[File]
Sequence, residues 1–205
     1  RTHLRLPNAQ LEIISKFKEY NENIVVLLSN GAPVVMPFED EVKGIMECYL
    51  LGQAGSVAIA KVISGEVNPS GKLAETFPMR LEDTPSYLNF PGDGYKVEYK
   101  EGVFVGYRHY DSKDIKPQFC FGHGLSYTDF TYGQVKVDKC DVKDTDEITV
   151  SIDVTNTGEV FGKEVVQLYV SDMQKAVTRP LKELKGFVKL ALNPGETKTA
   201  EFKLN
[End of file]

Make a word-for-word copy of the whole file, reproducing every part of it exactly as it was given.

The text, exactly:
Sequence, residues 1–205
     1  RTHLRLPNAQ LEIISKFKEY NENIVVLLSN GAPVVMPFED EVKGIMECYL
    51  LGQAGSVAIA KVISGEVNPS GKLAETFPMR LEDTPSYLNF PGDGYKVEYK
   101  EGVFVGYRHY DSKDIKPQFC FGHGLSYTDF TYGQVKVDKC DVKDTDEITV
   151  SIDVTNTGEV FGKEVVQLYV SDMQKAVTRP LKELKGFVKL ALNPGETKTA
   201  EFKLN